This is part III of a three-part series describing a proposed approach for an agile API lifecycle: from ideation to production deployment. If you missed it or need a refresher, please take some time to read part I and part II.

This series is coauthored with Nicolas Massé, also a Red Hatter, and it is based on our own real-life experiences from our work with the Red Hat customers we’ve met.

In part II, we discovered how ACME Inc. is taking an agile API journey for its new Beer Catalog API deployment. ACME set up modern techniques for continuously testing its API implementation within the continuous integration/continuous delivery (CI/CD) pipeline. Let’s go now to securing the exposition.

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An API Journey: From Idea to Deployment the Agile Way–Part II

An API Journey: From Idea to Deployment the Agile Way–Part II

This is part II of a three-part series describing a proposed approach for an agile API lifecycle from ideation to production deployment. If you missed part 1 or need a refresher, please take some time to read part I.

This series is coauthored with Nicolas Massé, also a Red Hatter, and it is based on our own real-life experiences from our work with the Red Hat customers we’ve met.

In part I, we explored how ACME Inc. is taking an agile API journey for its new Beer Catalog API, and ACME completed the API ideation, contract design, and sampling stages. Let’s go now to mocking.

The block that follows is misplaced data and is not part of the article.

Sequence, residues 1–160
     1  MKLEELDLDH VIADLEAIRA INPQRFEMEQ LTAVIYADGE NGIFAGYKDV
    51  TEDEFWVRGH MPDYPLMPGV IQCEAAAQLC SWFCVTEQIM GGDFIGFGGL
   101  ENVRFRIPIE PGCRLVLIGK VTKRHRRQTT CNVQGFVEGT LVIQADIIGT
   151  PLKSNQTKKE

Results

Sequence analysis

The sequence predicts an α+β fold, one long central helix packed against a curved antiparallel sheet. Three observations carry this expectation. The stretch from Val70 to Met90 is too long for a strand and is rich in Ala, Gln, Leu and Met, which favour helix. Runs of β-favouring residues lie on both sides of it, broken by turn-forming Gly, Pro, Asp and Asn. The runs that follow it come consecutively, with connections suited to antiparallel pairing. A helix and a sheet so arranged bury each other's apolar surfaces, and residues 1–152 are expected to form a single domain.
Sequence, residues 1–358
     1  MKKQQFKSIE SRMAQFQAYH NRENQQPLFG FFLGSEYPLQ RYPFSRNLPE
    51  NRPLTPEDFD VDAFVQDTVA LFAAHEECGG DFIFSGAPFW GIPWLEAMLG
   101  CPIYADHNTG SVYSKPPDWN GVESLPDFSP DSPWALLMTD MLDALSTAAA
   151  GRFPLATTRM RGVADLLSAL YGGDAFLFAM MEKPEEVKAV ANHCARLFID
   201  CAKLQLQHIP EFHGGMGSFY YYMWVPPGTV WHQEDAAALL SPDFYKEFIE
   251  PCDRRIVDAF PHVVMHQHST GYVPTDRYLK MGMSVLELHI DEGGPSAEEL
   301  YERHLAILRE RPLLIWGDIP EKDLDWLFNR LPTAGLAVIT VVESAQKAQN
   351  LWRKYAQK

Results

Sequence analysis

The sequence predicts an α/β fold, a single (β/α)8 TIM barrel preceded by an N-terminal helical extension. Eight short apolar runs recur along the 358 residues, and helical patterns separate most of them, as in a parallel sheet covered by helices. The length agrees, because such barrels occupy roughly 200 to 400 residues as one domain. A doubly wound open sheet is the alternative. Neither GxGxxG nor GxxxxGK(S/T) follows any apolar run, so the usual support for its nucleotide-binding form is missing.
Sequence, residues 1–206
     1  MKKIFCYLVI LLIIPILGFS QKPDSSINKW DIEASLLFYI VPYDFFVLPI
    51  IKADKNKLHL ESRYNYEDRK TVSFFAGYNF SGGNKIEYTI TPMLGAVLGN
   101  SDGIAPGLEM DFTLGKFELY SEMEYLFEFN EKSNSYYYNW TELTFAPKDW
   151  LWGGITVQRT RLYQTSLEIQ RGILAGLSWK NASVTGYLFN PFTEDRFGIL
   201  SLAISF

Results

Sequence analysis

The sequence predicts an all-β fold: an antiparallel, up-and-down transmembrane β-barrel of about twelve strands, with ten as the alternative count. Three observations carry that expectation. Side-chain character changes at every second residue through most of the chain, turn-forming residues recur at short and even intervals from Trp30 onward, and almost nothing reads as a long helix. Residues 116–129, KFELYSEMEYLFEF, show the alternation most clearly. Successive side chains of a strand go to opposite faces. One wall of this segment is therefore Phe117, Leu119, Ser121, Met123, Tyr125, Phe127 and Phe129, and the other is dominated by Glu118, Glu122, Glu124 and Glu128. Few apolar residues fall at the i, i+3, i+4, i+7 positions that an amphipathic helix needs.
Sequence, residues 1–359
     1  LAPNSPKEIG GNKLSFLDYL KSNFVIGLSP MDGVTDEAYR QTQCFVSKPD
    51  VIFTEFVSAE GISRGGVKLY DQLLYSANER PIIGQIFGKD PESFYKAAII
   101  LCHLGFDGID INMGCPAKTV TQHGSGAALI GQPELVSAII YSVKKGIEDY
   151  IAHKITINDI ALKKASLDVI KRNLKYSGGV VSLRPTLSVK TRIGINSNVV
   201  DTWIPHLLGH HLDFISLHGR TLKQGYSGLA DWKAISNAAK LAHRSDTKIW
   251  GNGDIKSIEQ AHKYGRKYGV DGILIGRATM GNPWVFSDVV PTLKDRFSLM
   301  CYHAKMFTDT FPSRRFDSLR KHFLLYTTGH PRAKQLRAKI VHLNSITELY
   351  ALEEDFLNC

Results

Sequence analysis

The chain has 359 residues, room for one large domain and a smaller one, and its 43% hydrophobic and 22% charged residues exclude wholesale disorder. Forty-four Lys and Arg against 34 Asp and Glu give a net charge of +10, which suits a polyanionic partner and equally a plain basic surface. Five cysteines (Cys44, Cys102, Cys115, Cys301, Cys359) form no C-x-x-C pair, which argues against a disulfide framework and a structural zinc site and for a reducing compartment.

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An API Journey: From Idea to Deployment the Agile Way–Part I

An API Journey: From Idea to Deployment the Agile Way–Part I

The goal of this series of posts is to describe a proposed approach for an agile API delivery process. It will cover not only the development part but also the design, the tests, the delivery, and the management in production. You will learn how to use mocking to speed up development and break dependencies, use the contract-first approach for defining tests that will harden your implementation, protect the exposed API through a management gateway and, finally, secure deliveries using a CI/CD pipeline.

I coauthored this series with Nicolas Massé, who is also a Red Hatter. This series is based on our own real-life experience from our work with the Red Hat customers we’ve met, as well as from my previous position as SOA architect at a large insurance company. This series is a translation of a typical use case we run during workshops or events such as APIdays.